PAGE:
Two years of negotiations conclude in agreement
On the night of Jan. 9, members of the Association of McGill University Support Employees (AMUSE) voted 86 per cent in favour to ratify a new collective agreement with McGill. The union, which represents over 1,500 casual employees on campus ranging from floor fellows to library staff, began negotiations with McGill in May of 2015. The new agreement was drafted in a Nov. 25, 2016 meeting between AMUSE and the university.
These changes will be finalized when a final draft of the agreement is submitted by the administration and signed by AMUSE. In an email to The Tribune, Robert Comeau, director of Labor and Employee Relations and part of the administration’s negotiating team, expects the agreement to be finalized sometime this semester.
“The administration is currently preparing the final English and French versions of the new collective agreement,” Comeau wrote. “It will then be reviewed by the union and we are hopeful that signature will take place in early February.”
AMUSE was unable to secure paid sick days for its members and, due to an open complaint they’ve filed with the Quebec Pay Equity Commission, they were also not able to implement an expanded list of job titles in the new agreement.
Although not all of their demands were met, the ratification of this agreement is a major victory for the union. Claire Michela, president of AMUSE, emphasized that their negotiations are not finished.
“[It was] not everything we wanted, but definitely everything was positive,” Michela said. “It’s clear that we had a collective agreement, before that was minimal […and] we were able to get things without giving anything up [….] It's not over.”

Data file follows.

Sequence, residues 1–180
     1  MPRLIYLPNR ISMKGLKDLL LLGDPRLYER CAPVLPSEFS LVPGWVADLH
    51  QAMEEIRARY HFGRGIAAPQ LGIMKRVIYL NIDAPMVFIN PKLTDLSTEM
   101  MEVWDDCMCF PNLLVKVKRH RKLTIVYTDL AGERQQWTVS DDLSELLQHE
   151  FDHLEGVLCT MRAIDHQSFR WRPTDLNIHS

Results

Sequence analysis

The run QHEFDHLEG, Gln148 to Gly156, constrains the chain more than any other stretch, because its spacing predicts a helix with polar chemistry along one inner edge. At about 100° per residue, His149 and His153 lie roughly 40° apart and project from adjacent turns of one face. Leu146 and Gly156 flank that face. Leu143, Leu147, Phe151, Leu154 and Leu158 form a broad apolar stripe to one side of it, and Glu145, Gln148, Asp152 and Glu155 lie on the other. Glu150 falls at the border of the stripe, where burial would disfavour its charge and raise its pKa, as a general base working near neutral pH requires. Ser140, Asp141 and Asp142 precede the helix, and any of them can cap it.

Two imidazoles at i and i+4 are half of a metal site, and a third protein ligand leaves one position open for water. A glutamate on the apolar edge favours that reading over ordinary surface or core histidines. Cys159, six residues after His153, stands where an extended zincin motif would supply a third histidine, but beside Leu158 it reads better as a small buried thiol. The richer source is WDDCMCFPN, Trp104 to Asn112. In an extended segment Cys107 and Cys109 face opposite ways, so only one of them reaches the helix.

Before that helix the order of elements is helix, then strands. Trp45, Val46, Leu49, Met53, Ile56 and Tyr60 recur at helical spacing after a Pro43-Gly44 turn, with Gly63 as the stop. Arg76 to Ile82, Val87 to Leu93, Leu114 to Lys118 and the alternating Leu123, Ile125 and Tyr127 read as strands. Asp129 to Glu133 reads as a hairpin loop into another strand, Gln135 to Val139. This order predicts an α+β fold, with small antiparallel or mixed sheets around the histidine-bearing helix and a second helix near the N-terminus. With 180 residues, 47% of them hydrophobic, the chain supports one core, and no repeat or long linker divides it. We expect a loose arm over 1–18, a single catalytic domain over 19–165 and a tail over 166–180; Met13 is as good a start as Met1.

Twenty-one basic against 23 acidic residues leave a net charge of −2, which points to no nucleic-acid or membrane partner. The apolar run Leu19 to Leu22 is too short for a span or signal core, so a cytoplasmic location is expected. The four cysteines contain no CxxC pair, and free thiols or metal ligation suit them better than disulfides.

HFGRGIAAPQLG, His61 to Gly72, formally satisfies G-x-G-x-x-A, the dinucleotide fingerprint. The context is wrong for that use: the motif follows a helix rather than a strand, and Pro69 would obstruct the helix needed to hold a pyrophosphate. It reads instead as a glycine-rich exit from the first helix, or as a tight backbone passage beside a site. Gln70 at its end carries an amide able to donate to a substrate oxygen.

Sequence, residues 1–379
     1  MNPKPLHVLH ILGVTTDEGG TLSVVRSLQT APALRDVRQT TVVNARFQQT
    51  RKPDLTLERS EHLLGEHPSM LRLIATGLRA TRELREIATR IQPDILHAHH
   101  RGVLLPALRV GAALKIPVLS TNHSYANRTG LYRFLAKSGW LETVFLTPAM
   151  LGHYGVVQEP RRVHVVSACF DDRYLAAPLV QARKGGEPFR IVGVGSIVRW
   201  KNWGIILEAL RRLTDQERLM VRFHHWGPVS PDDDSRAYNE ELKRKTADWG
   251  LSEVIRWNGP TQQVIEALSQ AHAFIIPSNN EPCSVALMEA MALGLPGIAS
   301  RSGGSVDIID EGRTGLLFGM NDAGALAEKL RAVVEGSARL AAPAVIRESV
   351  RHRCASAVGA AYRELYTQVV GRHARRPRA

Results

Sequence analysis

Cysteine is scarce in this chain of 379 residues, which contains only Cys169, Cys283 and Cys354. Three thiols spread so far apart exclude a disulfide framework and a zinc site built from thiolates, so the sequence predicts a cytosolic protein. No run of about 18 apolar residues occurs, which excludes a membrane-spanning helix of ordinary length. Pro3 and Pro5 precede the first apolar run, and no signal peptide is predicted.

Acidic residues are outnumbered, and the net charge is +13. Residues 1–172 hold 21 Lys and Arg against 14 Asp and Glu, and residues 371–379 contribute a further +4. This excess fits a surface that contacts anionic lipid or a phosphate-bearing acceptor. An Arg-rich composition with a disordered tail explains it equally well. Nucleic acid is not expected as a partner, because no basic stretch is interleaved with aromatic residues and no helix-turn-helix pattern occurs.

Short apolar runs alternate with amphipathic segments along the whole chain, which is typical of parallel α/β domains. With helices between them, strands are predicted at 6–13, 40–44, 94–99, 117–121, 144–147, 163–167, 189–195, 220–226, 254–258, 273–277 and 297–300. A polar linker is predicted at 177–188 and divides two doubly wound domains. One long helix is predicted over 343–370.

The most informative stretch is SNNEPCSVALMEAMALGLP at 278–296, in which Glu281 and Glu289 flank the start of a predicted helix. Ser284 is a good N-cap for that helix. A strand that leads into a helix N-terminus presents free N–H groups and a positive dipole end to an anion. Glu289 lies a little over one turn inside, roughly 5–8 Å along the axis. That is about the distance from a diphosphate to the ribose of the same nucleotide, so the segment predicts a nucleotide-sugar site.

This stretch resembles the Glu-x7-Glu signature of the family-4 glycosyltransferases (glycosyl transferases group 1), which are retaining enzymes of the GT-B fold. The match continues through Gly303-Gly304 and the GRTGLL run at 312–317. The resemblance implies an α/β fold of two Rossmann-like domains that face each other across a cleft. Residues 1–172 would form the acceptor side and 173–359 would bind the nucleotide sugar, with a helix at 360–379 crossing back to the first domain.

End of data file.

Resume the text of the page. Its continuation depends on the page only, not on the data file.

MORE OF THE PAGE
AMUSE-MUNACA merger progressing
On Feb. 23, members of AMUSE and McGill University Non-Academic Certified Association (MUNACA), two major labour unions on campus, will meet to approve the conditions of a merger to become one union representing both student and non-student permanent and casual employees.
The first steps towards the merger were approved in February 2015 as a result of pressures that both unions were experiencing in their negotiations with the university, which, according to Claire Michela, the current president of AMUSE, caused tension between the two organizations.
“By pitting us against each other, [the university] is able to reduce the inherent responsibility of management,” Michela said.
On Oct. 13, 2016, members approved proposed merger by-laws and a transition policy. By combining the two unions, both AMUSE and MUNACA hope to facilitate negotiations with the university and minimize any financial loss to the employees as a result of strikes.
Camille Tsalik, U3 Arts, is a work-study student represented by AMUSE and said that the strikes held in November 2016 prevented employees from working and only provided compensation for the time spent picketing.
“As someone [who] depends on my work-study pay for living expenses, the strikes were incredibly frustrating,” Tsalik said.
The current merger conditions propose that there will be three separate agreements, each covering one of the three bargaining units: The floor fellows, the temporary, non-academic employees which are both currently represented by AMUSE, and the permanent non-academic employees, which are represented by MUNACA.
Furthermore, the negotiations between the two unions have resulted in a proposal to consolidate the financial and executive structures of both unions. They will share a budget of approximately $410,000 per year, which will be a combination of their current budgets. Each of the three bargaining units will be represented by a vice-president (VP) and a labour relations officer in the new executive structure and will also share a president, a VP internal, and a communications officer.
“Without merging, the financial and executive structures wouldn’t be able to accomplish as much or be as strong of a union,” Michela said.
The first executive elections for the new combined union will take place in September 2017 provided that the current proposal is approved by both unions and their respective members.